Devastating Tree Kill Along Highway 20

You may have read in The Bulletin or The Nugget that many dying trees along Highway 20 between Sisters and Black Butte are planned to be cut down because they were sprayed with a deadly herbicide over the course of three consecutive years. More than 100 of the iconic, old-growth ponderosa pine trees (some probably as old as this nation) which greet us when we arrive back into Central Oregon from Santiam Pass or the Metolius River Basin were killed.

There is much more to the story than what the various agencies said in the news articles. These aren’t just any trees, but trees that the public had earlier saved, and the killing of the trees was easily avoidable.  Contrary to the suggestion in the articles, it was well known that this herbicide harmed ponderosa pine trees.

As longtime defenders of the scenic and ecological resources of the forest, LandWatch is deeply troubled by the negligence that led to these trees' deaths. Join us in giving feedback to the Forest Service by May 29th. Read our letter here.

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Several years before the herbicide that killed the trees was applied, the Oregon Department of Transportation (ODOT) proposed a widening of Highway 20 from two lanes to four lanes. Many members of the public, including LandWatch, opposed this plan because it was unlikely to increase safety and would have resulted in the removal of many of the iconic, old-growth ponderosa pine trees along this scenic highway corridor.

After public outcry against the unnecessary highway widening project, including a 4-1 vote to oppose the project and save the trees by the Sisters City Council, the project was scaled back. Many of the poisoned trees are the same trees that the public fought to save.

ODOT and the Sisters Ranger District either knew or should have known that use of the herbicide would be harmful to ponderosa pine trees. The initial U.S. EPA product label for the herbicide, which was registered by the EPA on January 20, 2011, includes a section labeled “IMPORTANT PRECAUTIONS” that contains the following warning:

"Injury to or loss of desirable trees or other plants may result if equipment is drained or flushed on or near these trees or plants, or on areas where their roots may extend, or in locations where the chemical may be washed or moved into contact with their roots."
In 2012, the EPA product label was updated to include a new warning that specifically identifies ponderosa pine trees as a tree species that is particularly sensitive to the harmful effects of the herbicide:
“Certain species may, in particular, be sensitive to low levels of Perspective® Herbicide including but not limited to, conifers (such as Douglas fir, Norway spruce, ponderosa pine and white pine), deciduous trees (such as aspen, Chinese tallow, cottonwood, honey locust, magnolia, poplar species, redbud, silver maple, and willow species), and ornamental shrubs (such as arborvitae, burning bush, crape myrtle, forsythia, hydrangea, ice plant, magnolia, purple plum and yew).”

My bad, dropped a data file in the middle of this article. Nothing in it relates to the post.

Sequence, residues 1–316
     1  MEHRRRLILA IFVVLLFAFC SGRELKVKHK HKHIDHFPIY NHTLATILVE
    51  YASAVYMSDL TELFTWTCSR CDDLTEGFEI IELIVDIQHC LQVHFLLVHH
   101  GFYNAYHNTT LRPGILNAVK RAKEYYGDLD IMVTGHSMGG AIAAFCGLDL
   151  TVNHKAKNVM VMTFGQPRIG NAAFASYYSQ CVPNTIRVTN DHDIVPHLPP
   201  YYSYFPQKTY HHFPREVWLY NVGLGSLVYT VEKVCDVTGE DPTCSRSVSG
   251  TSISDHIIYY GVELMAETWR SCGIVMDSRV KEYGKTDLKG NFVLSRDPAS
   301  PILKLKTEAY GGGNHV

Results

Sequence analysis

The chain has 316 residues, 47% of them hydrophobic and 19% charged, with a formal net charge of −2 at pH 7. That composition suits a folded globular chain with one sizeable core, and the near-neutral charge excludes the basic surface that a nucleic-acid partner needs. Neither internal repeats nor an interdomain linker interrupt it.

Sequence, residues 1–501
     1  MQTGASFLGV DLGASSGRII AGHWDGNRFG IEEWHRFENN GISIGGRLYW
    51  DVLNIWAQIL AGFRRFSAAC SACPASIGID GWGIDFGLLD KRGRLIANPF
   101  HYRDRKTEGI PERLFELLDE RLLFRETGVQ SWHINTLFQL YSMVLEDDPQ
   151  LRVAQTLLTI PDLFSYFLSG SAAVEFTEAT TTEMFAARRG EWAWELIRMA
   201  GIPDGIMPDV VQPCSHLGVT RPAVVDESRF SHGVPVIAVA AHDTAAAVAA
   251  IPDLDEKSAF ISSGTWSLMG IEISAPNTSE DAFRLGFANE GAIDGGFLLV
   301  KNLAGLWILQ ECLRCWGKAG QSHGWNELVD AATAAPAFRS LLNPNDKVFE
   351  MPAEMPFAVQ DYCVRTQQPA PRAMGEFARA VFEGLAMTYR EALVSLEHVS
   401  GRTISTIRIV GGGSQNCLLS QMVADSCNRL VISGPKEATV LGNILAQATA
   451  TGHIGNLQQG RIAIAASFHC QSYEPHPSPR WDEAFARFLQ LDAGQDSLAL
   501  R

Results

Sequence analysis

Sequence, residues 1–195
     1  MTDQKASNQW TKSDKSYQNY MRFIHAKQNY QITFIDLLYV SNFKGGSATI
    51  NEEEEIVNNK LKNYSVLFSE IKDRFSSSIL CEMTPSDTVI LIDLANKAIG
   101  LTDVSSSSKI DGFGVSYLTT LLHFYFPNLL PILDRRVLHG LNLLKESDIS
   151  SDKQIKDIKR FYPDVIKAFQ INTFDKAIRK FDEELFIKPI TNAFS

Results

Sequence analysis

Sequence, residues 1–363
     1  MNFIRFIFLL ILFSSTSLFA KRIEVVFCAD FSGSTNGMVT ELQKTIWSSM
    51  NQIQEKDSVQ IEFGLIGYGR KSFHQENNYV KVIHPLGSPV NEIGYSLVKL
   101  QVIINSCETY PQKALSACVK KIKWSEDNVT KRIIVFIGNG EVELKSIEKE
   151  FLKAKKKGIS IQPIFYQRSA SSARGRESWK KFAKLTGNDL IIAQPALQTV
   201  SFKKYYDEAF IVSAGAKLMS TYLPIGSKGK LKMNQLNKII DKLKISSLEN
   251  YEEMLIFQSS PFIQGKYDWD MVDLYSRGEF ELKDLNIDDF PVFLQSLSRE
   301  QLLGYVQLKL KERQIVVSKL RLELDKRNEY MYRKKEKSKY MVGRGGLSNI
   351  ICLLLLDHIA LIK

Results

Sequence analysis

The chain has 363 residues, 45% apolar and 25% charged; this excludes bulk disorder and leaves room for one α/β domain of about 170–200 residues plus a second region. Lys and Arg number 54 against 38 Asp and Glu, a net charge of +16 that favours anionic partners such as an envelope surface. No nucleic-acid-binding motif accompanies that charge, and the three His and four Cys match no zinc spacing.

Despite these warnings, and despite multiple Forest Service land management policies for protecting this specific area, and the Metolius/Black Butte old growth, the harmful herbicide was sprayed along the Highway 20 corridor in 2013, 2014, and 2015. The result of this carelessness is a corridor of dead and dying old-growth ponderosa pine trees that the Forest Service wants to cut down.


The trees that were sprayed are now dead, but some of their character can be retained and the public can weigh in on the project by May 29th by writing to the Sisters Ranger District at with the subject line “Highway 20 Corridor Public Safety Project.”

We are asking for appropriate mitigation and corrective actions for the carelessness of the Sisters Ranger District and ODOT that resulted in harm to the old-growth ponderosa pine trees including, for example:

  • The old growth trees should not be cut down and removed. Instead, they should be "topped" by cutting or blasting so that they become wildlife snags and scenic boles of the trees with the distinctive bark are retained along the highway. That also removes the danger of trees falling on the highway.
  • An investigation should be done to find out how this happened in order to figure out how to prevent this from occurring again.
  • Public notice and comment should be required on any future herbicide use in scenic corridors and in the Metolius Conservation Area.